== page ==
Why do people say ‘white rabbit’ on the first of the month? Meaning of the tradition explained
The phrase is believed to bring good luck to those who say it all month long
It’s common to say the phrase “rabbit rabbit rabbit” or “white rabbit” on the first day of each month, but where does this tradition come from?
Here’s what you need to know.
Why do people say “Rabbit, Rabbit, Rabbit”?
On the first day of each month, it’s a common tradition for people to say “Rabbit, Rabbit, Rabbit” first thing in the morning, before saying anything else.
The phrase is supposed to bring good luck for the rest of the month and is a UK and North American superstition. Alternatively, you might say the phrase “white rabbits”.
Both phrases are thought to bring luck since rabbits are considered lucky creatures.
For example, in Europe, China, Africa, and North and South America, a rabbit’s foot is considered a token of good luck.
There are a few reasons rabbits are considered lucky, including the animal’s fertility, which is often associated with renewal and new beginnings.
Rabbit's feet were also marketed as lucky by U.S companies to sell them to consumers in the early 20th century.
Where did the phrase come from?
In an episode of NPR, Martha Barnette, an author who has written books about etymology, explains that the phrase dates back to at least the early 1900s.
She explains that Franklin Delano Roosevelt took part in the “rabbit, rabbit, rabbit” superstition, and he was also known to carry a rabbit’s foot.
In a 1909 issue of the British journal Notes and Queries, a parent observed that some children said “rabbits” on the first of every month for good luck, according to the History Channel.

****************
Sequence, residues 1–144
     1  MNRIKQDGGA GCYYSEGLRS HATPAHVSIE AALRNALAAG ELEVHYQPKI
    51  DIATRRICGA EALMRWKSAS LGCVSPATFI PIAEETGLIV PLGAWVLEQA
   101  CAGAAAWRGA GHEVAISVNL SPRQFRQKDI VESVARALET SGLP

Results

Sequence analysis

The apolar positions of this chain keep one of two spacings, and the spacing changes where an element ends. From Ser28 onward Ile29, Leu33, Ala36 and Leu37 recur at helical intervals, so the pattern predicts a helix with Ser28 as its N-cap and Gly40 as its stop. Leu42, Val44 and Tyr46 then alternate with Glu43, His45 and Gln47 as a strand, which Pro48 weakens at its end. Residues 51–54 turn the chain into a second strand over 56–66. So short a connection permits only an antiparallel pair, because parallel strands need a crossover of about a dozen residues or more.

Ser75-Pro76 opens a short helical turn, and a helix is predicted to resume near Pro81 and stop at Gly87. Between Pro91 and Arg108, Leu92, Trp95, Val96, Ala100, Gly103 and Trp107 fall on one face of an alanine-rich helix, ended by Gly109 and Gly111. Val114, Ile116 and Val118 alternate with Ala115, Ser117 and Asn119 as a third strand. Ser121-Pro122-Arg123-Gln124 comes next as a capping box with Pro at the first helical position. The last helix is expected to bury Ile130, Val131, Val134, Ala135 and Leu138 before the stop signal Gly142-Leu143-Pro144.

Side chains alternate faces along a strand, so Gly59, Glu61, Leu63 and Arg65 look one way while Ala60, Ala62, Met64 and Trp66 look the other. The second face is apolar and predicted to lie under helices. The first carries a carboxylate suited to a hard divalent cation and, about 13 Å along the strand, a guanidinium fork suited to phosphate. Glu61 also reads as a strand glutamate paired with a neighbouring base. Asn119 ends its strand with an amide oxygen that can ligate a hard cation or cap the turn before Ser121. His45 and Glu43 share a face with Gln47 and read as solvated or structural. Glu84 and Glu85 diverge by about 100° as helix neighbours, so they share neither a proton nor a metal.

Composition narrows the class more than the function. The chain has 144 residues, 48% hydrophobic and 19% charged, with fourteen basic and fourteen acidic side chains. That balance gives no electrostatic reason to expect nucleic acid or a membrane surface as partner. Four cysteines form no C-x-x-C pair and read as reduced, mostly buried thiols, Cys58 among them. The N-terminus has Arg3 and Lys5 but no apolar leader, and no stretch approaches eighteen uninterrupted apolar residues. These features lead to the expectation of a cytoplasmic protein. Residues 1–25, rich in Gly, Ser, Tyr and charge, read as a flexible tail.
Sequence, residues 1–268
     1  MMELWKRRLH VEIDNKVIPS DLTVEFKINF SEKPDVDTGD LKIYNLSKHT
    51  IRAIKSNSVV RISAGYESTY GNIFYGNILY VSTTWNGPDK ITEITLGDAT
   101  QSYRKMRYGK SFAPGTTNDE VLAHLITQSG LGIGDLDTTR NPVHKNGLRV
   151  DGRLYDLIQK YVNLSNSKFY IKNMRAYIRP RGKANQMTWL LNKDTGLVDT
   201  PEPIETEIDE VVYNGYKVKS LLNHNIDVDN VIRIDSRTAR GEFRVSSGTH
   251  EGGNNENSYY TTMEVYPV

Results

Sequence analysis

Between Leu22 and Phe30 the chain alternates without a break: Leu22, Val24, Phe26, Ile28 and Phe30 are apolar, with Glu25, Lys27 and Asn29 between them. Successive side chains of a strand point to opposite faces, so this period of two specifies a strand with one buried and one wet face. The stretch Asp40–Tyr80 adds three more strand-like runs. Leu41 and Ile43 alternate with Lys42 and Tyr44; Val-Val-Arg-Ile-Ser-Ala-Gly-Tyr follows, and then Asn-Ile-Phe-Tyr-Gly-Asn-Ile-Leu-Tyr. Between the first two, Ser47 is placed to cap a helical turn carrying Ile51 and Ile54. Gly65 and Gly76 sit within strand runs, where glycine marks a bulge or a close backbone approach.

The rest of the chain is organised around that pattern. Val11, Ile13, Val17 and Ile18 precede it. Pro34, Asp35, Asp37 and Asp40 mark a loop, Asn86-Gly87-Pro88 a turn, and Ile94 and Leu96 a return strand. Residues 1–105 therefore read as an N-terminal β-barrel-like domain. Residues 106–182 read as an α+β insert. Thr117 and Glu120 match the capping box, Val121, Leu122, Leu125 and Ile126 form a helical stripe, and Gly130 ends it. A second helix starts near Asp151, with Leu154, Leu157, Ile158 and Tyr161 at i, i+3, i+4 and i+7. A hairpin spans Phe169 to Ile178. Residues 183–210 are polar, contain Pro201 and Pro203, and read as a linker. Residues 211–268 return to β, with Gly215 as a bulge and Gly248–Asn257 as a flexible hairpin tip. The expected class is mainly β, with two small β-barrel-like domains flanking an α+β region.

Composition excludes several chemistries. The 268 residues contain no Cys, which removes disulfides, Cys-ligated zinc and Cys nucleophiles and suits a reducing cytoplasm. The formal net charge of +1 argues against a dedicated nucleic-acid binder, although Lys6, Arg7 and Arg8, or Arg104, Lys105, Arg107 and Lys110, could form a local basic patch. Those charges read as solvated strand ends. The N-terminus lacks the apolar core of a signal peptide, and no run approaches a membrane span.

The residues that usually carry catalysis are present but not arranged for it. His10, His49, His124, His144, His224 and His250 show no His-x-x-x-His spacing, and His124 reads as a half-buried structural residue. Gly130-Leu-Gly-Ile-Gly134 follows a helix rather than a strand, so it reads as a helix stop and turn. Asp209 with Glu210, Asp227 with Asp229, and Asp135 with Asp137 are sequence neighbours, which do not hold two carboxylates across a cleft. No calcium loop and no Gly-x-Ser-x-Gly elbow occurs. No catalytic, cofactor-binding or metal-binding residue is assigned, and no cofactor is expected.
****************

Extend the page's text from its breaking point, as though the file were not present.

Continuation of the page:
After this point, references to this superstitious act occurred occasionally.
In 1935, the Nottingham Evening Post reported: “Mr. Roosevelt, the President of the United States, has confessed to a friend that he says, ’Rabbits’ on the first of every month - and, what is more, he would not think of omitting the utterance on any account.”
There doesn’t appear to be any clear answer for where the tradition of saying rabbit rabbit appeared from - but if you forget to say it at the beginning of the first of the month, then worry not.
Barnette explains that if you forget to say rabbit rabbit at the start of the day on the first day of a new month, then there are ways to reverse any bad luck effects you might experience.
Right before you go to bed, you can either say black rabbit, or “tibbar, tibbar”, which is “rabbit, rabbit” backwards.
What are the other ways to mark the start of a new month?
There are plenty of other traditions that people from around the UK take part in when the date rolls over into a new month.
A popular one called “pinch, punch” see’s people giving friends and family a pinch and a punch whilst saying the phrase: “Pinch and a punch, the first of the month.”
There are a variety of theories that try to explain this tradition, with the most popular believing that it started with President George Washington.
Supposedly, on the first day of each new month, Washington would meet with native tribal leaders and gifted them fruit punch with an added pinch of salt, which was then known as “pinch punch on the first of the month”. The tradition has simply evolved from there.
Others believe that this tradition started much longer ago, in medieval times. One theory claims that in medieval Britain, when the likes of witches and other sorcery was still believed in, salt was thought to weaken witches and the saying was supposed to weaken evil beings.